Rethinking the Startup & Enterprise Relationship
I'm an entrepreneur at heart, with three successful startup exits. But I've also been an executive in large organizations. That blend of startup and enterprise experience allows me to take advantage of learnings from both sides and apply it to Oracle's global startup initiatives. Approaching this program with a startup mentality, as well as an understanding of corporates is key. In fact, almost every member of my team has both enterprise and startup experience. That dynamic is crucial for our program's success.
Our team is like a startup within Oracle. And Oracle is giving us the support and leeway to move fast, test, iterate and learn so we can create a successful and unique global startup program that will spur new thinking and partnerships. To quote LinkedIn founder Reid Hoffman, our team employs a mindset of "permanent beta." We have a strategic plan…but we are constantly learning, iterating and evolving.
Creating an ecosystem of co-development and co-innovation across startups, our global customers, and Oracle is a tall task. One that other corporates have promised but failed to deliver. It's also even harder to scale. It's why we are developing highly functioning ecosystems, focused on smaller, peer-to-peer interactions, where collaboration can truly thrive. And we are already seeing results:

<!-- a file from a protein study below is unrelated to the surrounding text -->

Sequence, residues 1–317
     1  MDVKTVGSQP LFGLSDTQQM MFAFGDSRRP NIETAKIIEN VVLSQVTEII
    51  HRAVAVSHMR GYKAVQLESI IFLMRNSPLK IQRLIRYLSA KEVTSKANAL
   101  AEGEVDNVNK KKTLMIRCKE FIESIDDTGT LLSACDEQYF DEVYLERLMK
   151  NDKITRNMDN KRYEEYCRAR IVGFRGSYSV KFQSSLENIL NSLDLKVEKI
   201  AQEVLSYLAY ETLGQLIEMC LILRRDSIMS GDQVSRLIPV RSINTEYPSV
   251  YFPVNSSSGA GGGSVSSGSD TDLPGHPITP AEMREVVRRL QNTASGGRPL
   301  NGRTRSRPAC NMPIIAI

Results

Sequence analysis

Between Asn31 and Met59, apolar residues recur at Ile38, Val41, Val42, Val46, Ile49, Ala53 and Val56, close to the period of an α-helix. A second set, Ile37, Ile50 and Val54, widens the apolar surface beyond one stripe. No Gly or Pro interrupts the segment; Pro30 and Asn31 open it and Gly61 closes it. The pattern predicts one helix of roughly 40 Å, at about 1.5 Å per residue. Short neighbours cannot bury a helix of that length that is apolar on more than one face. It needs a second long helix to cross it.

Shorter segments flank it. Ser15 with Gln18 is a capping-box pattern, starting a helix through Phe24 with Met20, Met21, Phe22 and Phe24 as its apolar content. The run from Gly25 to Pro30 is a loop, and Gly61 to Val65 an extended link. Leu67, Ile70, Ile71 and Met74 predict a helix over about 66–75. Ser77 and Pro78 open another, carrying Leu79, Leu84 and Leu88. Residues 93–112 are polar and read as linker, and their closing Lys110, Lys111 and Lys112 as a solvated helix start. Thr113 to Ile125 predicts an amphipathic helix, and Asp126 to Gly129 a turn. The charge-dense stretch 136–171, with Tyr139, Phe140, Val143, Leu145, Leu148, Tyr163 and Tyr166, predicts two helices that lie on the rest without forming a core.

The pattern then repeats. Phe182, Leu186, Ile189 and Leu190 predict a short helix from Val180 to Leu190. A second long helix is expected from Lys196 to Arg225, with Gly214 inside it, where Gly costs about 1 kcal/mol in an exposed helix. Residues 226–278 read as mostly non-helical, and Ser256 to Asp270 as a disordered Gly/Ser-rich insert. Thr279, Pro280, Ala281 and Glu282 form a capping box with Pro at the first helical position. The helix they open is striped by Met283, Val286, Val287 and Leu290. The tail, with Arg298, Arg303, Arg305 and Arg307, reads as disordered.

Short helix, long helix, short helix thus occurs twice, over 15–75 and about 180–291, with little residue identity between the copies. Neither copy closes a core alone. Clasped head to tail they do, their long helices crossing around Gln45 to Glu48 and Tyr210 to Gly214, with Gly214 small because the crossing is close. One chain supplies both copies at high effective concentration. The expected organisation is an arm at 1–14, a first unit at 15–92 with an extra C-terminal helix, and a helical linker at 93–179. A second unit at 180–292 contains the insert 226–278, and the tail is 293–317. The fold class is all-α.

"We've been very impressed since we started working with the Oracle Cloud team—their responsiveness, agility and make-it-happen attitude is brilliant. We're beginning to revolutionize the on-demand computer market for power hungry rendering applications." -Gareth Williams, YellowDog CEO, Oracle startup partner
"Working with Oracle gives us access to a different type of wide network, both with Oracle's global resources and its customer base, which gives us a global reach we would not otherwise have." -Becky Sage, Interactive Scientific, CEO, Oracle startup partner"Oracle provides a gateway to customers – they have large scale customers from all over the world and now we have exposure to that by virtue of our relationship to Oracle." –Tim Kindberg, CEO, Vorb, Oracle startup partner
The next five to ten years promise revolutionary changes that will transform entire industries and create new technology frontiers—from healthcare to education to government and beyond—and it will require partnerships that spur and support collaboration and innovation ecosystems. Startup ingenuity coupled with enterprise expertise will be a necessity.
We are already seeing real progress by engaging our startup partners with our product development teams and global customers. There are exciting technologies emerging, pain-points being solved, and advancements happening across all sectors. And we've only scratched the surface. As an entrepreneur at my core, and one who believes that startups are at the heart of innovation, I'm very bullish about our global startup program, and incredibly humbled about leading it.